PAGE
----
Recently, I was asked to record a video reflection for the “last lecture” of Dr. Lyle Vander Broek. Dr. Vander Broek is retiring this year from the University of Dubuque Theological Seminary. I have only had one class taught by Dr. Vander Broek; but, it turns out that he has been a major and formative influence on my life and my ministry. Before I get into that, let me tell you what I know about Dr. Vander Broek from my own experience in his New Testament class.
I would easily describe his teaching style as enthusiastic and utterly joyful. He is a man who loves the Scriptures and truly loves talking and teaching about them. In many ways, he has the look of a professor directly out of central casting; so, it would be easy to find him intimidating at first…and I did. Yet, he has the warmth and the pastoral sensibility of a truly good soul who wants nothing more than to start a conversation about the wonders and revelations we can experience through God’s Word. He also has a quirky sense of humor that is refreshing when tackling the challenges of Biblical study. He is, in short, a delightful and loving man who takes his service as an educator and as a pastor to heart. I know that for me this meant that his class and his feedback made me feel cared for as much as it made me feel informed. His is the voice of expertise as well as the voice of compassion and all of us can follow his lead as we work toward being ministers and teachers.
I read Dr. Vander Broek’s book, The Life of Paul for Today, as part of preparation for giving my first sermon/testimony about my own conversion to Christianity. My pastor recommended it as way to become better acquainted with the Apostle Paul, whose conversion would be the frame for my own story. This book was like listening to a good friend talk about something and someone they loved deeply. This short book contains a truly comprehensive look Paul, his work, and his writings. For me, this book became a friend and a path to understanding a figure who challenges us to be a better people and a better church. Reading this kind of academic treatment of Paul is its own kind of revelation and it leads to meeting the Apostle all over again. As a person who has experienced the power of God’s ability to convert, this book helped me to relate to Paul and to grasp the serious and meaningful responsibility for ministry that comes from experiencing conversion. If you want to know Paul better or want to meet him for the first time, this is the book you need to add to your collection.
I met Dr. Vander Broek on my first trip to Dubuque. I approached him after chapel and introduced myself as a huge fan of The Life of Paul for Today. I remember him smiling and saying something along the lines of, “I didn’t realize anyone outside of my classes read that.” Not long after that, I had the great honor of being in his New Testament class and listening to some of the most engaging, entertaining, and informational lectures a seminary student could hope to have. Again, it was clear that this is a professor who loves the subject he teaches and it shows through the joyful enthusiasm that comes across in his voice and his manner when he teaches. He never avoided our toughest questions and often used them as the launching point for some really wonderful discussions. In fact, we were encouraged to use our papers, tests, questions, and all interactions as a meas of forming our own views and understandings and not simply to recycle lecture materials.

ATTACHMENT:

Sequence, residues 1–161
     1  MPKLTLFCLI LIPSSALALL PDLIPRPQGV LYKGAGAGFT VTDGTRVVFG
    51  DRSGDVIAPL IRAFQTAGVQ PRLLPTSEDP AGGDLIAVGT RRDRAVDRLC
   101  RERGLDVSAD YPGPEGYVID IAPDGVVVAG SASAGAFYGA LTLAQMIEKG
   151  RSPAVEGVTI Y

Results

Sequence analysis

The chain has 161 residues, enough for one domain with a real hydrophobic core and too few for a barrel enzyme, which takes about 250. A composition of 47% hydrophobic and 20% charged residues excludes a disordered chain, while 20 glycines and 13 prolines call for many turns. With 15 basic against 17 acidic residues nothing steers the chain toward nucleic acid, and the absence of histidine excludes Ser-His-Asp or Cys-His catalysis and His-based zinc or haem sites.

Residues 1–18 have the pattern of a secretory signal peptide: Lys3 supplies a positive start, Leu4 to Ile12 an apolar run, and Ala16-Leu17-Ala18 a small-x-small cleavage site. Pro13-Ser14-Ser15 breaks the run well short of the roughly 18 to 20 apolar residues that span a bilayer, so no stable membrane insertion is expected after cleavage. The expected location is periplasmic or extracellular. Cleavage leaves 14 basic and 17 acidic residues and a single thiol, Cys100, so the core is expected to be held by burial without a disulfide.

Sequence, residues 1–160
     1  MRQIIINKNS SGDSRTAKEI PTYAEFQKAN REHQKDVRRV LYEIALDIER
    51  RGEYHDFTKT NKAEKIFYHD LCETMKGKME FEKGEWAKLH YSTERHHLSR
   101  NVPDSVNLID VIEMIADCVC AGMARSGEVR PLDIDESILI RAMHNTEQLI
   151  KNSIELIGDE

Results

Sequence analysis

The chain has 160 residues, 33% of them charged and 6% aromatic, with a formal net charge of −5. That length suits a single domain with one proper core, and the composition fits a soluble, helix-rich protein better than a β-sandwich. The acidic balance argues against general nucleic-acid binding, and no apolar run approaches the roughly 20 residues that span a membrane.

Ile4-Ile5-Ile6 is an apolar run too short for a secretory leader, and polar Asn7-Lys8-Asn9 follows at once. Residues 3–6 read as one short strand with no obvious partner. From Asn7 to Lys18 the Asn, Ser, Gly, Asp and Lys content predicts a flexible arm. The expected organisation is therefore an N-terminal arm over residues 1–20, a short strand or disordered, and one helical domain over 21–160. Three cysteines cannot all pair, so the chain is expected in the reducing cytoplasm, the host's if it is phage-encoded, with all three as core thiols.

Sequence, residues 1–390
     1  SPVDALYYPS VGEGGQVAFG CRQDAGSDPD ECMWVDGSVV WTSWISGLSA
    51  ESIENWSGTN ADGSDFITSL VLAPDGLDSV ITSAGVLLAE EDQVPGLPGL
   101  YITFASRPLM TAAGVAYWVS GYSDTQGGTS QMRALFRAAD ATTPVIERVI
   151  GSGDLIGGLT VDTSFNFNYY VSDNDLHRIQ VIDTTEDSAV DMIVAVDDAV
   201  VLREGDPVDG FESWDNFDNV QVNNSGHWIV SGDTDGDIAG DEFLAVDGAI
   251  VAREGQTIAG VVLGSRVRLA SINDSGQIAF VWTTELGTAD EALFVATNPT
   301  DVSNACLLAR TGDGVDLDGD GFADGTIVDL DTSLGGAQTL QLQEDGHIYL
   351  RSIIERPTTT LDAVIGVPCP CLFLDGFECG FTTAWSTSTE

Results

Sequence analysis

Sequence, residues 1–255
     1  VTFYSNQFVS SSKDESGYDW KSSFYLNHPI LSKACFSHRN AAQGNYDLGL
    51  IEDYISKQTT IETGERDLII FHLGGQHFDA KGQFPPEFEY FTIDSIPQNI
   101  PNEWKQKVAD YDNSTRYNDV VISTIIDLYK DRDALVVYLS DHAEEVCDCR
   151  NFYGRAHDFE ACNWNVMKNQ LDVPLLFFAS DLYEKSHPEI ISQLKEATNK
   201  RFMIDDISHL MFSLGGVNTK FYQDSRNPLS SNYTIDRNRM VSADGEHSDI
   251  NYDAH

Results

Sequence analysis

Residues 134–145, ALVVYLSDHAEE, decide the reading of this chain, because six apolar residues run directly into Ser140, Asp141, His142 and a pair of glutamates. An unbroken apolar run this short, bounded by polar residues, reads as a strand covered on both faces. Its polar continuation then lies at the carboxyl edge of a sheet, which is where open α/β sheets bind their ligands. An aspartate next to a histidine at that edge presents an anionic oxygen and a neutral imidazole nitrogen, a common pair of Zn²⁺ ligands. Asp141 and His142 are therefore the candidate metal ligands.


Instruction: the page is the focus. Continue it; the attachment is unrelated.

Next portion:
So, I thought I would close by offering a few things that I learned from Dr. Vander Broek that will be guideposts for me as a minister, teacher, and student (some of these are highlighted in Dr Vander Broek’s last lecture):
- The Bible is a constant source of revelation that never ceases to offer new perspectives and renewed hope
- Studying the Scriptures is both a communal practice and a deeply personal one which means that your own sense of revelation and understanding is important and has merit as does encountering the Word through Bible study in groups
- You bring your baggage with you when you encounter the texts of the Bible
- The Bible is self-critical and there are passages in some places that will contradict passages in other places, there are meanings and events that will be at odds with each other and this is part of the revelation and wonder of Scripture that we study and consider
- Probably my favorite part of the last lecture is the idea that love is driving force behind history…God’s love is pulling us forward
- The Word of God is about love, reconciliation, and justice
- Finally, Dr. Vander Broek reminds all of us who are working to be ministers that we mush have a hermeneutical (interpretive) center. We must work to understand that there are beliefs and priorities that shape our Biblical outlook. This center will inform our preaching and our teaching.
I regret that I did not have a chance to be in more classes with Dr. Vander Broek and I will pray that he has a retirement that is a joyful and rewarding as his classroom. For now, I simply offer my thanks to a man who has had more influence on me than he will ever know.
If you would like to watch Dr. Vander Broek’s last lecture, go to
Program begins at 6 mins 20 seconds.
Peace be with you.